Me? A Rabbi?

Yesterday was a big day for me and nine rabbinical students from Sulam Yaakov, our beit midrash. Eighteen months of work came to fruition as one by one they were called up by Rav Don Chanon to receive their smicha – ordination.
When I addressed them at the following banquet I expressed my suspicion that they may feel a bit like fakes. Each of them know how much they really know… and how much they do not. I assured them that I feel this way on almost a daily basis. Those of us who have been privileged to know Torah giants, and who have encountered the greatness of generations past through the writings of the masters, are blessed with an existential sense of inadequacy. I say blessed because it enables us to keep ourselves and our abilities in perspective, but it can also be a curse. We can be deceived into belittling ourselves and our potential.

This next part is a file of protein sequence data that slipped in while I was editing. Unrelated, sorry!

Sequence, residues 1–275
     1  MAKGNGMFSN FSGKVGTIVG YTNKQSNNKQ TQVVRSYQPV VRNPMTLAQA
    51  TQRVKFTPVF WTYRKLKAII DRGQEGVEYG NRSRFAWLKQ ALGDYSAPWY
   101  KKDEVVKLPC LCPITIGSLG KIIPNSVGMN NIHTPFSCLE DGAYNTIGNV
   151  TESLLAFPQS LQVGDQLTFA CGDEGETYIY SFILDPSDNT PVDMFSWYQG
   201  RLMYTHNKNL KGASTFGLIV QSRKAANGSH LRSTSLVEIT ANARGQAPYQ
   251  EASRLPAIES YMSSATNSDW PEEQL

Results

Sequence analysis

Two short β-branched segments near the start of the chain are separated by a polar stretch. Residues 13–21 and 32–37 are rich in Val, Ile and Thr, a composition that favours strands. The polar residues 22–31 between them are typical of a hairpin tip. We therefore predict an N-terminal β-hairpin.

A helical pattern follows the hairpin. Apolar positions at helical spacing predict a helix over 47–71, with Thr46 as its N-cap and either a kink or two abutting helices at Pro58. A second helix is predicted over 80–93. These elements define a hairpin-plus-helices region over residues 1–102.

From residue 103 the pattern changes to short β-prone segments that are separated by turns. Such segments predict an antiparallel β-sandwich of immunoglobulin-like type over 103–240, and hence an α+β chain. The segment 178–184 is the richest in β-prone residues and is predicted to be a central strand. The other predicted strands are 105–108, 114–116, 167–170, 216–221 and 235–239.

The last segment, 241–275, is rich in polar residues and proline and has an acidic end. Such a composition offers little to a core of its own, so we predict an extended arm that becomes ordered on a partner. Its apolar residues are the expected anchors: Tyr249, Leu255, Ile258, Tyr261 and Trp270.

I reminded the new Rabbis that relative to most Jews in the world they themselves are giants, and that they bring a unique voice to Torah that those Jews need to hear.
The posuk in tehilim says Kol hashem bakoach, Gods voice is in power, and the midrash explains this means that Gods voice comes down according the power of each person, his capacity to hear “bakoach shel kol echad ve’echad”. Each one of them will have to find his voice in Torah , and the place that his voice can serve as a conduit for Gods voice in the world for those people who are listening.

Mazal Tov.

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